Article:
Pandemic and Petrol Prices: Double whammy for honest tax payers!

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(Dr R K Chadha)

The pandemic 2020 and the rocketing fuel prices 2021are a double whammy for the honest tax payer who had very high hopes from the present ruling dispensation.  While the countrymen appreciate the important steps taken by the government in tackling Covid-19 pandemic in the country and at international level, the patience will wear off soon on the economic front, if not checked.

The government will be best served if they take immediate steps to stem this perception of insensitivity towards the common man otherwise their detractors are waiting to pounce on them and take political mileage.  Further, no amount of blame game or lame excuses beyond a limit will placate the people of this country who expect the leadership to show the same vigor as shown while addressing the other key issues in recent times.   History is replete with instances where governments had fallen on simple issues concerning day-to-day lives of the Indian people like the prices of onions or even sugar.

The hotly debated topic these days is “why prices of petrol and diesel have crossed Rs.90 mark and reached Rs.100 in some districts of Rajasthan when the crude price in the international market is around US$60 a barrel?”

In March 2020 when the lockdown was announced by most of the countries including India due to Covid-19 pandemic, the prices of the crude oil fell to its lowest level going down below US$20/barrel due to drop in the demand.  Taking advantage of the low price of crude in the international market and anticipating fall in revenues and increase in expenditure to take care of people, the government hiked the excise duty on fuel to garner additional revenue.

The excise duty was raised in March 2020 by Rs 3/litre for both petrol and diesel followed by a very steep hike two months later in May 2020 by Rs 10/litre and Rs 13/litre on petrol and diesel, respectively.  Earlier, Rs.2 a litre hike in excise duty was also introduced in July 2019.  Not lagging behind, the state governments too, hiked sales tax or VAT on petrol and diesel.  A total increase in excise duty of Rs.15/litre in petrol and Rs.18/litre in diesel and steep hikes in VAT in different states in less than a year are the primary reasons for rocketing prices today, in spite of crude oil prices in the international market being quite stable.

The actual tax revenue on petrol and diesel in FY20 was Rs.2.2 lakh crores and was budgeted for Rs.2.48 lakh crores in the FY21.  But, on account of the steep hike in excise duty on both petrol and diesel, the tax revenue went up to Rs.3.46 lakh crores in FY21 and is expected to further go up to Rs.3.7 lakh crores.  So, the government tax collections went up by 50% if one looks at the budget estimates of FY20.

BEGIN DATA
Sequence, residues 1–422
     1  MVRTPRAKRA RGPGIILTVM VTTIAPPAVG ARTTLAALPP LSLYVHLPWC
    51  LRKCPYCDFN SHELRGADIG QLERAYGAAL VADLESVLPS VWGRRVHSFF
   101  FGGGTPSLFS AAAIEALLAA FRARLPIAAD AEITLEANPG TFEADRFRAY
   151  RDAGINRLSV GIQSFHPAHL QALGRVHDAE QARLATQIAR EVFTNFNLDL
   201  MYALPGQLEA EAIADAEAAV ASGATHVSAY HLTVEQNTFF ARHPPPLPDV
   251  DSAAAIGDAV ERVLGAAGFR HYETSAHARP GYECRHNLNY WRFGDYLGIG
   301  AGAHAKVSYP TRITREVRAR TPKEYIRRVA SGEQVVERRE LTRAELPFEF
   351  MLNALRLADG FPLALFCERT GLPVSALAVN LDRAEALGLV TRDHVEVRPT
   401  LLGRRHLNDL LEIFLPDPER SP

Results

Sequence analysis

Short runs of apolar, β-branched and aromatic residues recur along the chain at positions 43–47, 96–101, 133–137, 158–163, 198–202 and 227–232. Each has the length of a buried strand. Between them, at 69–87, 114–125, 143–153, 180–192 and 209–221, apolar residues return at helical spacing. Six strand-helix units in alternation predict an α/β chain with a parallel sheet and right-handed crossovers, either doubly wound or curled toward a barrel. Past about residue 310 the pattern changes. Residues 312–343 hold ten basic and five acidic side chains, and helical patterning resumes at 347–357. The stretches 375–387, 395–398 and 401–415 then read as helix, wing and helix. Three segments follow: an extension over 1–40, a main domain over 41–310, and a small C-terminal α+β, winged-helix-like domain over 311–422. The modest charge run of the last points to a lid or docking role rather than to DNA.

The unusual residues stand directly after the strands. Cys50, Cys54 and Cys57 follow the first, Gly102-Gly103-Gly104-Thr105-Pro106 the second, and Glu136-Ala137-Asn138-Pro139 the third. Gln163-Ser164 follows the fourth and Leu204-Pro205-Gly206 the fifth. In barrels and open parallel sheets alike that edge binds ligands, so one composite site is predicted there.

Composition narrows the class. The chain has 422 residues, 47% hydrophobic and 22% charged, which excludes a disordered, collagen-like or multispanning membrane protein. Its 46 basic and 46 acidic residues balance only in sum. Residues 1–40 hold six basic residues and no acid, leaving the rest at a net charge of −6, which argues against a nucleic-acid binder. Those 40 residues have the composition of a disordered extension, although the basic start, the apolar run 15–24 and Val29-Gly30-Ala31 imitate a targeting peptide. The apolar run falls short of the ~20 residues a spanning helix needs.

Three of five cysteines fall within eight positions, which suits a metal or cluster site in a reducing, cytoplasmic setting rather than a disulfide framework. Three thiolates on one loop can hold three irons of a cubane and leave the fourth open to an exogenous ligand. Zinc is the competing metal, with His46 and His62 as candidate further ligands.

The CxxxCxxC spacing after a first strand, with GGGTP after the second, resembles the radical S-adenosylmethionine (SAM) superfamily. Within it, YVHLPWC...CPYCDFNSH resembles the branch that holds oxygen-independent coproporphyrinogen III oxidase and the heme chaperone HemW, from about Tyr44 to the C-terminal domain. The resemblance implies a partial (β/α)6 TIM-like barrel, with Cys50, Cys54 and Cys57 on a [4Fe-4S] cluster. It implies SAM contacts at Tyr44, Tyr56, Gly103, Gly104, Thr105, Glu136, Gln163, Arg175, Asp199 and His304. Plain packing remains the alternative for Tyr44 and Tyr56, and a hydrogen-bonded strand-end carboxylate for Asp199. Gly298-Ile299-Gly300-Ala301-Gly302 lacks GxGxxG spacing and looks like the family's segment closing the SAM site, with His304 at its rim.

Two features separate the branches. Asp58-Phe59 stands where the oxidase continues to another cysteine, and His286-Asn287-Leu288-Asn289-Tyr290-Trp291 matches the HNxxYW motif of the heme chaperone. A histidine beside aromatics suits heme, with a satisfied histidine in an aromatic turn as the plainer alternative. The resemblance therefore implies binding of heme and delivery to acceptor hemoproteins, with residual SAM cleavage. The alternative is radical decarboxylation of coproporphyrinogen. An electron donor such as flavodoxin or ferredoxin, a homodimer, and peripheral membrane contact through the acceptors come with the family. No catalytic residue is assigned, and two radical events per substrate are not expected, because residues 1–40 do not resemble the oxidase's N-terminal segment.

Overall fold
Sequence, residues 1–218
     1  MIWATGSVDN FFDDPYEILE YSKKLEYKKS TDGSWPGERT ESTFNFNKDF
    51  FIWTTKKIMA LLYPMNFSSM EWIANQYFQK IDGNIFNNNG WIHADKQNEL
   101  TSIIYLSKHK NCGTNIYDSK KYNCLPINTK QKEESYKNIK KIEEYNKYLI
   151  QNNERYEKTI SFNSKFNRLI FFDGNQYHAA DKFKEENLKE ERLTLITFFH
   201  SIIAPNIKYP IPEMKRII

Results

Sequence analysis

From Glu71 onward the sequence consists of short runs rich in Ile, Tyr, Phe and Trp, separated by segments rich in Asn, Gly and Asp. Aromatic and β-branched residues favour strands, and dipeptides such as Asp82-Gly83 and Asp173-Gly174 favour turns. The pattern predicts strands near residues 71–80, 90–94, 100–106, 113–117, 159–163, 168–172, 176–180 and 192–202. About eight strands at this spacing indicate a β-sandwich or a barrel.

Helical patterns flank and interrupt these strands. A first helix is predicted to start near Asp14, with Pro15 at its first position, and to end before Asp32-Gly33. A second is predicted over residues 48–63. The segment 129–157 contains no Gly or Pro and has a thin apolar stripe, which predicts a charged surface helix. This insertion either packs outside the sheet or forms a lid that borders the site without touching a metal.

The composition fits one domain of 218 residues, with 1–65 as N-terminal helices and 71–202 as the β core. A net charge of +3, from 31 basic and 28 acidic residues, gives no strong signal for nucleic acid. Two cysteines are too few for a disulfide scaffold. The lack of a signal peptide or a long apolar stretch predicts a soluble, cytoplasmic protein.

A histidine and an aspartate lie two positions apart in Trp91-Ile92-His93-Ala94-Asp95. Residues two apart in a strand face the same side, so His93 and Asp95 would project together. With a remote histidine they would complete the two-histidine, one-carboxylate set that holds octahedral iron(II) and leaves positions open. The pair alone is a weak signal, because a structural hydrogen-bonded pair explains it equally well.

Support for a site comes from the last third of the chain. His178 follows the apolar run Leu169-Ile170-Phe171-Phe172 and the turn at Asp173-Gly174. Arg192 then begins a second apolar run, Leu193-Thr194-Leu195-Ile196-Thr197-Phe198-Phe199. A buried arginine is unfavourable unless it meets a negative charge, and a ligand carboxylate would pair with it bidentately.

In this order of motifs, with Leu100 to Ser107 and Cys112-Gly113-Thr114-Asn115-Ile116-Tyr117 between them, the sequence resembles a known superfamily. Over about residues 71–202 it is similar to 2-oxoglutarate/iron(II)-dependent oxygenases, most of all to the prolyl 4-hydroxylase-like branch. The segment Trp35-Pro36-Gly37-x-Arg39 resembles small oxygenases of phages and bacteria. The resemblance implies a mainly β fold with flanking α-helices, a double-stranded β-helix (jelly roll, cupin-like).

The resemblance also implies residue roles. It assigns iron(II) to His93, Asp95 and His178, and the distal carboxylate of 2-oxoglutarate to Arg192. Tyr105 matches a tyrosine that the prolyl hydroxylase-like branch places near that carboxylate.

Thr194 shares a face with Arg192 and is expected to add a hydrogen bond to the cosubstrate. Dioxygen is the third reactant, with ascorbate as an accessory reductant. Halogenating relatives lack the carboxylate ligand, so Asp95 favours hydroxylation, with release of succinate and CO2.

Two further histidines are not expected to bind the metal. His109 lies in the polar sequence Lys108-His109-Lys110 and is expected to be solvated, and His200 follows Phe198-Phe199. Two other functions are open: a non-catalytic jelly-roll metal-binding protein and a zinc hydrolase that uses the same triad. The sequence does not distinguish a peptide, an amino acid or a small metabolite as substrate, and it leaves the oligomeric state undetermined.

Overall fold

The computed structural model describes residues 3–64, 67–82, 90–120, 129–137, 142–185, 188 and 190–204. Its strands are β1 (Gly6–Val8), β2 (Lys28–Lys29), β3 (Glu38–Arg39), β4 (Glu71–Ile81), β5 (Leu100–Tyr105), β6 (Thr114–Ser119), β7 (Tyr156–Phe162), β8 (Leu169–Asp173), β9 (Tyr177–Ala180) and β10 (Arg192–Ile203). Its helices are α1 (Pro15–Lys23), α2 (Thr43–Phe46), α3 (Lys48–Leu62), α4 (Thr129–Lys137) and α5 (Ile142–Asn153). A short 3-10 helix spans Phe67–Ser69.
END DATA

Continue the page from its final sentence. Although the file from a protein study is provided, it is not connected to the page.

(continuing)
In July 2020 prices of crude started rising to US$40/barrel and reached the present level of US$60/barrel as lockdown started lifting in stages.  This increase in prices reflected the optimism and expectation from the roll out of vaccine for Corona virus, and also due to restoration of international movement and increase in economic activity, thereby increasing the demand for crude oil.

Another factor for price rise is that all oil producing countries have been much disciplined with their crude production.  They have mostly maintained the cuts they made during pandemic period to keep the prices somewhat elevated.  Saudi Arabia even announced that they would cut their crude production by 1 million barrel a day through February and March 2021 to keep prices elevated.

In India, the taxes collected on petrol and diesel are the highest across the major cities.  For example, in Delhi the price of petrol from refinery gate to the dealer is around Rs.32/litre.  Added to this is the excise duty of Rs.33/litre which is more than the actual price.  On this, about Rs.21/litre is added by the state government on account of VAT.  This makes the taxes in Delhi to be around 170% of the basic price of the petrol.  This is mirrored across many cities in the country.  Like in Mumbai VAT is higher than any other state and hence the higher cost of petrol.

At present taxes accounts for about 60% of the pump prices on petrol in Delhi in particular. This is largely comparable to some of the highly developed economies like Germany and Italy where they account for about 62-65%, but are significantly higher than countries like Japan where it is 45% and the United States of America they are around 20% of the pump price.

As the economy is picking up and conditions are creeping back to normalcy, people had great hopes that the cuts in excise duty on petrol and diesel will be announced in the Budget 2021. But all hopes were crestfallen and a new agriculture infrastructure and development cess was added with a little tweaking in the tax structure.

This has imposed additional burden on the honest tax payer and a common man who is already reeling under the impact of Covid-19 pandemic, while the central government has more than made up its shortfall in GST and other indirect tax collections during this fiscal.  The people in the country are left high and dry and feel betrayed.

Prime Minister Narendra Modi spoke of the burden on middle class due to over dependence on crude oil import and suggested more reliance on green technology. Nitin Gadkari advocated use of electrical vehicles to reduce the impact.  This is easier said than done.  While such suggestions are positive and welcome, we have to be aware of the ground realities and take concrete steps in consultation with experts in the appropriate fields rather than expressing general views.

If India is aiming at a GDP growth of 8-10% pa to reduce poverty and unemployment, then dependence on oil import cannot be wished away as the energy demand will bound to increase.  Today, 50 lakh barrels/day are being imported, which may most likely to go up to 90 lakh barrels/day in the next 20 years, if we aim at such a high growth.